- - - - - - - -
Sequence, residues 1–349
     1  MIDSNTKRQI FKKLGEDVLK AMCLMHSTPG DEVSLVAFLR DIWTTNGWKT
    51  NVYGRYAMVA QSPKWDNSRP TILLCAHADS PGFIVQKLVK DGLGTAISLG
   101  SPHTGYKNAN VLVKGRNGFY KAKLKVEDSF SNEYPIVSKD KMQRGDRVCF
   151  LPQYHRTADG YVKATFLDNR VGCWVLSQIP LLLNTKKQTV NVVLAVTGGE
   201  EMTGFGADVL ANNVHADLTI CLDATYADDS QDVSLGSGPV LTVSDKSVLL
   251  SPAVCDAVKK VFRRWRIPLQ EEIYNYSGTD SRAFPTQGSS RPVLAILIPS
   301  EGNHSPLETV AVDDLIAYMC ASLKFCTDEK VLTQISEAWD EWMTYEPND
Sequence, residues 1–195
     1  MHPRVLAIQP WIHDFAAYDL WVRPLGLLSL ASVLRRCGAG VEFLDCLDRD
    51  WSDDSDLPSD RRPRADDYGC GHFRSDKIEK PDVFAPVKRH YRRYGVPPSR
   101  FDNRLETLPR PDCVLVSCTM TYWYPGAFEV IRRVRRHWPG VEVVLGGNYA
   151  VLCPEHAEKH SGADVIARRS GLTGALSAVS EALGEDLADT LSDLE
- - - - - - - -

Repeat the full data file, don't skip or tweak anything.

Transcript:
Sequence, residues 1–349
     1  MIDSNTKRQI FKKLGEDVLK AMCLMHSTPG DEVSLVAFLR DIWTTNGWKT
    51  NVYGRYAMVA QSPKWDNSRP TILLCAHADS PGFIVQKLVK DGLGTAISLG
   101  SPHTGYKNAN VLVKGRNGFY KAKLKVEDSF SNEYPIVSKD KMQRGDRVCF
   151  LPQYHRTADG YVKATFLDNR VGCWVLSQIP LLLNTKKQTV NVVLAVTGGE
   201  EMTGFGADVL ANNVHADLTI CLDATYADDS QDVSLGSGPV LTVSDKSVLL
   251  SPAVCDAVKK VFRRWRIPLQ EEIYNYSGTD SRAFPTQGSS RPVLAILIPS
   301  EGNHSPLETV AVDDLIAYMC ASLKFCTDEK VLTQISEAWD EWMTYEPND
Sequence, residues 1–195
     1  MHPRVLAIQP WIHDFAAYDL WVRPLGLLSL ASVLRRCGAG VEFLDCLDRD
    51  WSDDSDLPSD RRPRADDYGC GHFRSDKIEK PDVFAPVKRH YRRYGVPPSR
   101  FDNRLETLPR PDCVLVSCTM TYWYPGAFEV IRRVRRHWPG VEVVLGGNYA
   151  VLCPEHAEKH SGADVIARRS GLTGALSAVS EALGEDLADT LSDLE